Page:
Filmmaking Safety Tips During The Summer

Maura N.

The Last Black Unicorn
Staff member
There are many projects that are being shot every year during the Summer Season. Even though there is a heatwave outside, this does not have to stop you from filming outdoors. Here are a few tips that you can use if you are filming during the summer:

1. Wear a hat

Hats are a great and easy method to keep your head, face, neck and ears safe from the sun. If you choose a baseball cap instead of a hat, make sure to protect the uncovered areas with sunscreen. Depending on the budget, you can either bring custom made hats to the set or encourage everyone to bring their own hats.

2. Use sunscreen

One of the easiest methods to block some of the UV radiation from being absorbed into the skin is by using sunscreen. It is recommended to use a sunscreen with a SPF factor higher than 15 and apply it 30 minutes before going outdoors. The sunscreen should be applied on all areas that are exposed to the Sun, including nose, ears, hands and so on.

3. Bring water bottles

One of the most dangerous things that can happen during this season is dehydration. To prevent this from happening, you should bring many water bottles with you. Don’t forget to bring a cooler bag to keep it cold.

4. Bring Umbrellas

If you are shooting in direct sunlight during a hot summer day, you might consider bringing many umbrellas with you. They can protect the crew and they can also be used to protect the equipment during a short and unexpected summer rain.

5. Film right after sunrise

If you have a very low budget and you also wish to not endanger your crew, you can simply film right after sunrise, when both the weather and the natural lights are in your favor.
 

Oskar Kuusk

Active member
I am not going to lie, I hate filming during a heat wave. Even if I wear light clothing and I drink a lot of water, I still feel like I am in a hot steamed bath. If my gear is in direct sunlight, it will eventually malfunction. I have worked with many cameras, if you stay for many hours in that heat, errors will happen. My personal recommendation if you are planning to shoot a film in the summer is to take breaks when needed and use damp towels to cool off. If possible, set up the whole scene the night before or at least get up really early in the morning and here I am talking like 4 AM and start working on it. It is extremely difficult to set up lights and backgrounds at 1 PM for example. Start filming as early as possible and try to get as much as you can done before 11 AM.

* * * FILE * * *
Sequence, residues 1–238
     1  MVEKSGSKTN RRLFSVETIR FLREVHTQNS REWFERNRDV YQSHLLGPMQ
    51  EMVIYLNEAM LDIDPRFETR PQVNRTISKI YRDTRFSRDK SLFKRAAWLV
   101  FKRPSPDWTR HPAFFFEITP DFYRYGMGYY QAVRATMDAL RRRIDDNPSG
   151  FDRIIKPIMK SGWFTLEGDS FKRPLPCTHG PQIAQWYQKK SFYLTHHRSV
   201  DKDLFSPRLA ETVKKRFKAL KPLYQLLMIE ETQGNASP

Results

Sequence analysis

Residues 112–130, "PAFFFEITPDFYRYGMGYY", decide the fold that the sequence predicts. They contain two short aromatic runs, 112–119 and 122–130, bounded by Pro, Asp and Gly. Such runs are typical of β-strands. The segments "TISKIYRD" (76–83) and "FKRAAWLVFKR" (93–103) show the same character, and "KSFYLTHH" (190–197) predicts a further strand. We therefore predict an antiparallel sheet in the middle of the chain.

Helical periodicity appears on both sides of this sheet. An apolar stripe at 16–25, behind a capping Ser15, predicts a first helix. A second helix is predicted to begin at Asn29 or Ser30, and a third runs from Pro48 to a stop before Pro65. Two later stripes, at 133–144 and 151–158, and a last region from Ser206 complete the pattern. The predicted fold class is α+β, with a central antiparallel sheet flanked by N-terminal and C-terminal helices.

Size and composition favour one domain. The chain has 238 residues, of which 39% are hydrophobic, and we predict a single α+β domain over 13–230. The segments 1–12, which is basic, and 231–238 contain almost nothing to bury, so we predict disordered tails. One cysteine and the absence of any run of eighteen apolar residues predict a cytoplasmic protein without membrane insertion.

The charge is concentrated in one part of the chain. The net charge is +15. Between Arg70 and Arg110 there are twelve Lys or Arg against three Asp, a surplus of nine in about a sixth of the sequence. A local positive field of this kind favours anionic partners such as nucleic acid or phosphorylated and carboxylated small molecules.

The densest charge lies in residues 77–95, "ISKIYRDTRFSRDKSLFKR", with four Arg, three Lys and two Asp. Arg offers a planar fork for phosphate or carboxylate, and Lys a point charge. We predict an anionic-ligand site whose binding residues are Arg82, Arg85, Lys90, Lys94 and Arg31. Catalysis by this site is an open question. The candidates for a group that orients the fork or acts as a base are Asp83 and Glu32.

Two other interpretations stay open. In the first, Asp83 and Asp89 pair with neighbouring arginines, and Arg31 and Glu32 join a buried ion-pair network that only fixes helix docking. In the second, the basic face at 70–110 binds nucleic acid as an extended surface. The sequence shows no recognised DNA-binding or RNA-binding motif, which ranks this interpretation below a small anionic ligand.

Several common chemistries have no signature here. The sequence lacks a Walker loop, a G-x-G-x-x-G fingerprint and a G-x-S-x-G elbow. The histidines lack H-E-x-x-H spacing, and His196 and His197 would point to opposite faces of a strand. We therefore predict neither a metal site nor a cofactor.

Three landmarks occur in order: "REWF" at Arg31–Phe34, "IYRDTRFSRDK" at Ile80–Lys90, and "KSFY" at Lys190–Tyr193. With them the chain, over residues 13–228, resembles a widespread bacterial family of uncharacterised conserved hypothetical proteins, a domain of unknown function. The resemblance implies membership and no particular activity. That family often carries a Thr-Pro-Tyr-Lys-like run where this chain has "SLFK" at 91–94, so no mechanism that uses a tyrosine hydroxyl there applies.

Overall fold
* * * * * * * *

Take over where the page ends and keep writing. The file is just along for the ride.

The weather is one of the biggest problems when you are making outdoor films. In the summer, we have the heat wave. In the autumn, heavy rain. In the winter, heavy snow. There is always something that you need to face. From my point of view, there are three problems that you need to find good solutions to:
1. Keep the gear safe - As Oskar said, the gear can and probably will malfunction if you use it for many hours in direct sunlight. The gear can also break if it is not water proof and it rains. It can also malfunction in very cold weather.
2. Keep the technical team safe - The gear is important but so are its users. The technical team needs to be safe at all times. Shooting a movie in the heat wave can have negative impacts on their health especially if they have heart conditions or other type of health issues.
3. Keep the actors safe - Insolation is a serious issue and must be prevented. If the technical team can have hats and use umbrellas, the actors are directly exposed to the sun. Take many breaks and maybe consider bringing a doctor with you on set just in case. If you have the money to do so, rent tents with sidewalls, where they can rest during those breaks.
 

EmilyWilkes

Active member
If you shoot a movie during the summer, especially when it is very hot outside, you should get used to the Sun before the big day. Spend a little time outside in the heat and then slowly increase that time. This will help your body adapt to the new temperatures. Of course, don't forget to drink a lot of water and if possible, wear a hat. You can't go out at 104 degrees and expect to find ways that will make your body feel like it's 68 degrees.
 
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